Missing data – Data in RCTs are generally missing by three mechanisms: completely at random (MCAR) where missingness is independent of the intervention group or other measured covariates; missing at random (MAR) where missingness can be accounted for by the measured information and does not depend on unobserved data after conditioning on the measured data. An example is a survey of level of activity among college students. In this experiment, men were less likely than women to not complete the questionnaire, but this does not have anything to do with their intensity of activity (outcome of interest). Lastly, missing not at random (MNAR) is where missingness is dependent on unobserved / unmeasured data after accounting for data that is measured. Several valid techniques can be used to handle missing data; these include complete-case analysis, single and multiple imputation methods, and likelihood based mixed models. The appropriateness of these methods is contingent on the assumption of missingness. Furthermore, careful attention should be paid to the amount of missing data; the more missing data there is, the less reliable imputed results will be10,11.

Consideration # 8 – Are the results relevant?

After establishing methodological validity and robustness of the RCT, one should consider whether the results are applicable to your patients. To this end, Akobeng has outlined four questions that can facilitate this assessment12:

  1. Are the participants in the study similar enough to my patients?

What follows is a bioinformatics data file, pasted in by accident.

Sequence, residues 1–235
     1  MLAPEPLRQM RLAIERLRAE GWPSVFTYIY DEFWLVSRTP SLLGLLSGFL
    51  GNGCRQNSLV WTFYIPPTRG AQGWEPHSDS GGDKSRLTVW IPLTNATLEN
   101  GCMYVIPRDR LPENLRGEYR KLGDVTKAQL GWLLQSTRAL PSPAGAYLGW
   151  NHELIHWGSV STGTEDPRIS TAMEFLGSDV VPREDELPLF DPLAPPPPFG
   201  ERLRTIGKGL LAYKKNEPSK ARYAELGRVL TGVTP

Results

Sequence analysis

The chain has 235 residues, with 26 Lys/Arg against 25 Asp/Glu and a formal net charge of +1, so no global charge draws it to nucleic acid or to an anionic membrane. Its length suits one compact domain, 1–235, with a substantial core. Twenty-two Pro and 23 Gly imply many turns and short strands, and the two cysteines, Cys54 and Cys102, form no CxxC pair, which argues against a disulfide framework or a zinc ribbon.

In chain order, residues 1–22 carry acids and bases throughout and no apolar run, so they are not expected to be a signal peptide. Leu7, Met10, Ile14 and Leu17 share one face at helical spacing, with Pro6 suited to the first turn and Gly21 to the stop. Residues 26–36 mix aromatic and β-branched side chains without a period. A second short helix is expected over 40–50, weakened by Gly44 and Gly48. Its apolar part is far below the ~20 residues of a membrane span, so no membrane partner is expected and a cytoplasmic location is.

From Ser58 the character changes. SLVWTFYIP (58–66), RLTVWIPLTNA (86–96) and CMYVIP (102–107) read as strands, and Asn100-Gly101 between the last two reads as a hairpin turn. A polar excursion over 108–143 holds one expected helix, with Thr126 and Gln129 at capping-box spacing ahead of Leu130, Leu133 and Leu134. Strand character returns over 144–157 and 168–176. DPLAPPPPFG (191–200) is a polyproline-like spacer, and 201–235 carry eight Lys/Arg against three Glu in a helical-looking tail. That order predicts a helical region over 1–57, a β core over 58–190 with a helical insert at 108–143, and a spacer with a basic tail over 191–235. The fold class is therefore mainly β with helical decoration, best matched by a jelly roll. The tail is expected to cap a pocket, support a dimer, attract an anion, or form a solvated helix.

2. Do the potential side effects of the drug outweigh the benefits?
  3. Does the treatment conflict with the patient’s values and expectations?
  4. Is the treatment available and is my hospital prepared to fund it?

References

  1. Lind J, Dunn PM. PERINATAL LESSONS FROM THE PAST of Edinburgh and the treatment of scurvy. https://www.ncbi.nlm.nih.gov/pmc/articles/PMC1720613/pdf/v076p00F64.pdf. Accessed March 17, 2018.
  2. Shi Y, Sohani Z, Tang B, Teoderascu F. Essentials of Clinical Examination Handbook.
  3. Lesaffre E. Superiority, equivalence, and non-inferiority trials. Bull NYU Hosp Jt Dis. 2008;66(2):150-154. http://www.ncbi.nlm.nih.gov/pubmed/18537788. Accessed May 17, 2018.
  4. Zhong B. How to calculate sample size in randomized controlled trial? J Thorac Dis. 2009;1(1):51-54. http://www.ncbi.nlm.nih.gov/pubmed/22263004. Accessed May 17, 2018.
  5. Freemantle N, Calvert M, Wood J, Eastaugh J, Griffin C. Composite Outcomes in Randomized Trials. JAMA. 2003;289(19):2554. doi:10.1001/jama.289.19.2554.
  6. Streiner DL, Norman GR. Health Measurement Scales: A Practical Guide to Their Development and Use [Paperback]. Fourth Edi. Toronto: Oxford University Press; Fourth Edition edition; 2008. http://www.amazon.ca/Health-Measurement-Scales-practical-development/dp/0199231885. Accessed April 23, 2014.
  7. West A, Spring B. Randomized Controlled Trials. Evidence Based Behaviour and Practice. doi:10.1002/14651858.CD004690.pub2.
  8. Sedgwick P. Randomised controlled trials: the importance of sample size. BMJ. 2015;350:h1586. doi:10.1136/BMJ.H1586.
  9. Walsh M, Srinathan SK, McAuley DF, et al. The statistical significance of randomized controlled trial results is frequently fragile: a case for a Fragility Index. J Clin Epidemiol. 2014;67(6):622-628. doi:10.1016/j.jclinepi.2013.10.019.
  10. Fiero MH, Huang S, Oren E, Bell ML. Statistical analysis and handling of missing data in cluster randomized trials: a systematic review. Trials. 2016;17:72. doi:10.1186/s13063-016-1201-z.
  11. Little RJ, D’Agostino R, Cohen ML, et al. The Prevention and Treatment of Missing Data in Clinical Trials. N Engl J Med. 2012;367(14):1355-1360. doi:10.1056/NEJMsr1203730.
  12. Akobeng AK. Understanding randomised controlled trials. Arch Dis Child. 2005;90(8):840-844. doi:10.1136/adc.2004.058222.